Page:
Mining Publication: A Guidance Sensor for Continuous Mine Haulage
Original creation date: October 1996
The U.S. Bureau of Labor Statistics reports that the mining industry has the highest average annual fatality rate (31.9 per 100,000 workers) among all major American industry. To address this, a major research program to reduce hazard exposure of miners with computer-assisted mining equipment was initiated by the U.S. Bureau of Mines. One application involves the manual 1 process of extracting and hauling coal where operators, in the tight confines of a mine, can be struck or caught by mobile machinery. The approach to remedy this problem uses a guidance system on the haulage equipment so that it follows the machine that extracts coal. This, in essence, involves sensor-based docking of the machines. Sensors that can survive the hostile mine environment of dust, methane gas, and water, play the key role. Computer analysis of the mining machine's movements and empirical machine characterizations were conducted to establish operating requirements and spatial limitations to ensure proper loading of coal into the haulage equipment. These data served in the selection of a sensing system. Various technologies such as scanning laser systems and ultrasonic sensors have frequently been used in other applications but were found unacceptable. However, a near infrared (IR) sensor employing active targets met the requirements. The sensor has a nominal 75 degree conical field-of-view and a range from 0.1 to 18.0 m. For the single target mode, nominal range accuracy was 4.3% at a distance of 3.56 m. Correction algorithms were generated reducing the error to 0.6%. Airborne dust testing showed less than 0.8% accuracy (worst case) degradation at levels exceeding (by a factor of 7.5) concentrations permitted by Federal law. The sensor can track multiple active targets providing five degrees-of-freedom (DOF) measurements. Using four targets, the nominal range accuracy was 0.4% without correction algorithms. A guidance system for the haulage system to follow the mining machine does not exist commercially. Such a system can reduce fatalities and injuries by current haulage mining equipment, and is a viable alternative to current haulage control.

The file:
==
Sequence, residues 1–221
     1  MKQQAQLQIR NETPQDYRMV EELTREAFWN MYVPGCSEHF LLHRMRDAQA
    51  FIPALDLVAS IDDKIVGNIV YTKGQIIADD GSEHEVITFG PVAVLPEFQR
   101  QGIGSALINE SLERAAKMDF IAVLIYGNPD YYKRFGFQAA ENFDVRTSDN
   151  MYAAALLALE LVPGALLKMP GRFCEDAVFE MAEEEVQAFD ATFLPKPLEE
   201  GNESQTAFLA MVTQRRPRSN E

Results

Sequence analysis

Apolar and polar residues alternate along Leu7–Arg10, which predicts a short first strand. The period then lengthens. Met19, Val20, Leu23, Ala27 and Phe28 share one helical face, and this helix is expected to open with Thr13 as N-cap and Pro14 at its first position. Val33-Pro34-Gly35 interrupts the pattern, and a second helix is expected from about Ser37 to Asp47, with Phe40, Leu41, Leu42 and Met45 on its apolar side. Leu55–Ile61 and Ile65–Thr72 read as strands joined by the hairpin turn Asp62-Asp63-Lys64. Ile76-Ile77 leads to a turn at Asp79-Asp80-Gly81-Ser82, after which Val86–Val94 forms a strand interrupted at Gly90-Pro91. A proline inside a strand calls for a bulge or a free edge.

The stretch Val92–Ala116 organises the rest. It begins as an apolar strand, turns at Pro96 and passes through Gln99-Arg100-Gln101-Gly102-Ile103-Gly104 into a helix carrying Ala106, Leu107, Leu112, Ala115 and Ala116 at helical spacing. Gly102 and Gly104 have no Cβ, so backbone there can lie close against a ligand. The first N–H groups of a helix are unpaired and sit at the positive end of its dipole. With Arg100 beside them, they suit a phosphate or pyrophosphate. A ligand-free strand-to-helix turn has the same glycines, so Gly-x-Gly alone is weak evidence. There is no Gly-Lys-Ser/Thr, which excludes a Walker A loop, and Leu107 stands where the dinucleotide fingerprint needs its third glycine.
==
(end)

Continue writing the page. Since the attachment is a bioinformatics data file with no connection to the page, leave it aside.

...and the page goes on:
Conference PaperOctober - 1996
NIOSHTIC2 Number: 10008564
IAS '96: Conference Record of the 1996 IEEE Industry Applications Conference: Thirty-first IAS Annual Meeting, October 6-10, 1996, San Diego, California. Piscataway, NJ: Institute of Electrical and Electronics Engineers, 1996 Oct; 4:2465-2472